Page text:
By Peter Passell With real estate values going downhill and
banks nationwide struggling to avoid being buried in the slide,
anxieties are focusing on yet another group of lenders: life
Last week, Travelers Corp. acknowledged large losses on its real
estate investments and chopped its dividend.
The news prompted worried investors to sell Travelers shares as
well as those of other major life insurers with sizable holdings of
real estate and ``junk bonds,'' sending their stock prices sharply
Some analysts warn that troubled assets have grown so large at
dozens of insurance companies that they could face the prospect of
bankruptcy - especially if the economy weakens further.
But most experts believe that a wave of bankruptcies putting
large numbers of policyholders at risk remains unlikely. Even a
lesser crisis of confidence in the life insurance industry, however,
could tighten the credit noose on many business borrowers, deepening
and lengthening the now-likely recession.
``It would be disaster to lose a major source of capital,''
concludes Eden Sarfaty, the head of the National Organization of
Health and Life Insurance Guarantee Associations.
Until the last decade, life insurance was the most predictable
of financial industries. Much premium income was invested in bonds,
mortgages and real estate, all of which were susceptible to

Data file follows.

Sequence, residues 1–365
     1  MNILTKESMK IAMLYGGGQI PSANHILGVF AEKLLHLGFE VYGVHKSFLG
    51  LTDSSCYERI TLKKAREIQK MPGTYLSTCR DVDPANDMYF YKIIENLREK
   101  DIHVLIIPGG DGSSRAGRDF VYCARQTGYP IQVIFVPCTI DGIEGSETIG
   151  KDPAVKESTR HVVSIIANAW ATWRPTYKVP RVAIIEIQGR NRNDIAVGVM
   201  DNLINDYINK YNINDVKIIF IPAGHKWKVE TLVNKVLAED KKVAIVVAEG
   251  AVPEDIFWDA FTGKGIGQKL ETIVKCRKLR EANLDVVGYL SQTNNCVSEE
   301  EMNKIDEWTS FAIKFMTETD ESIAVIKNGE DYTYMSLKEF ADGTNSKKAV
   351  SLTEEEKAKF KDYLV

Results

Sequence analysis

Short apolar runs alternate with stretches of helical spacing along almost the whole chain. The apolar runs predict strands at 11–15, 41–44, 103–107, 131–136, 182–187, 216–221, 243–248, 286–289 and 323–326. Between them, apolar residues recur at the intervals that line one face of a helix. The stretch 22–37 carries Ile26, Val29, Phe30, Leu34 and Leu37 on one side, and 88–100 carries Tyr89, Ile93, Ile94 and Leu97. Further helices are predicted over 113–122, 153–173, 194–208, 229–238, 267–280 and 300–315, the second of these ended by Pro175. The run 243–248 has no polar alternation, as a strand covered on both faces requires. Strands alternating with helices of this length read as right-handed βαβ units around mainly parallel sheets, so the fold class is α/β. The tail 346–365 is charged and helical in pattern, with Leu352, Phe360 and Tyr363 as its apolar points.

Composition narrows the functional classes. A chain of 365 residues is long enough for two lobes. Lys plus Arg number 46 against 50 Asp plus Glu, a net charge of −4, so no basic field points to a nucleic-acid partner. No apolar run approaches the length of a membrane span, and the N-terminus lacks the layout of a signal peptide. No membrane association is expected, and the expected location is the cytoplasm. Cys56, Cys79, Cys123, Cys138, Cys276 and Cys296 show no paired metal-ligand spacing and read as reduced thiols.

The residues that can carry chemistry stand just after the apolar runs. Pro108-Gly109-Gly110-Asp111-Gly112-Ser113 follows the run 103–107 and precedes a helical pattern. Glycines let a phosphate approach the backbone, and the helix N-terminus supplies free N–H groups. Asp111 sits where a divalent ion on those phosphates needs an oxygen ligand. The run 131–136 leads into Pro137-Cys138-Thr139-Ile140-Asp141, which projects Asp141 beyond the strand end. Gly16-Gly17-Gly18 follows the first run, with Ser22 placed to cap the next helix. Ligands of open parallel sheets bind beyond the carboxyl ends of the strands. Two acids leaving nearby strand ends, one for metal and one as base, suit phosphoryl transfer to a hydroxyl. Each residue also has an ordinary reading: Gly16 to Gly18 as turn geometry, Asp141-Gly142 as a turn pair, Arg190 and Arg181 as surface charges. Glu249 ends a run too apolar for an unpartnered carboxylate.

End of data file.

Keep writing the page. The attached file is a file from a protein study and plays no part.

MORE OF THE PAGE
fluctuations in value.
But the death benefits and minimum investment returns promised
to policyholders were based on such conservative assumptions that
honestly managed insurance companies ran little risk of being unable
to pay their obligations.
But since the early 1980's, said Terry Lennon, a senior official
in New York State's Department of Insurance, ``life insurers have
been forced to change because other financial institutions
Banks and savings and loans were freed to pay depositors any
interest rate they chose, and the competition for savers' dollars
Companies guaranteed higher returns to policyholders, cutting
margins for investment error. Yet in an effort to maintain profits,
they sank more money in riskier assets, notably bonds from
IDS Financial Services in Minneapolis estimates that ``junk
bond'' holdings now represent 6.4 percent of life insurers' assets -
a sum roughly equal to the industry's net worth.
As important, life insurers spread their nets wider in search of
cash. Fixed annuities, effectively tax-deferred certificates of
deposit, were marketed to tax-conscious investors. And guaranteed
investment contracts - promises to pay fixed returns over periods as
long as 10 years - were sold by the billions to pension funds.
Much of this new business wqs profitable. But it increased the
probability that insurers would end up owing a lot of money at high
interest rates, even as the income on their investments was falling.
The savings and loan industry was trapped in just such a
predicament in the early 1980s. Without the sense of security
conferred by federal insurance, many would have lost the confidence
of depositers and been unable to attract new cash to meet old
IDS concludes that life insurers are now highly vulnerable to
economy-wide shocks that raise interest rates, or force corporate
borrowers into bankruptcy or undermine the value of commercial real
To test the degree of vulnerability, they estimated the likely
losses of each of the 100 largest companies in the event of a
moderate or a severe economic downturn.
In the ``moderate loss'' scenario, 18 would be at risk of
insolvency, leaving state guarantee funds to pay policyholders about
$3.1 billion. The ``severe loss'' scenario predicts that 34
companies might fail, with a total loss as high as $11. …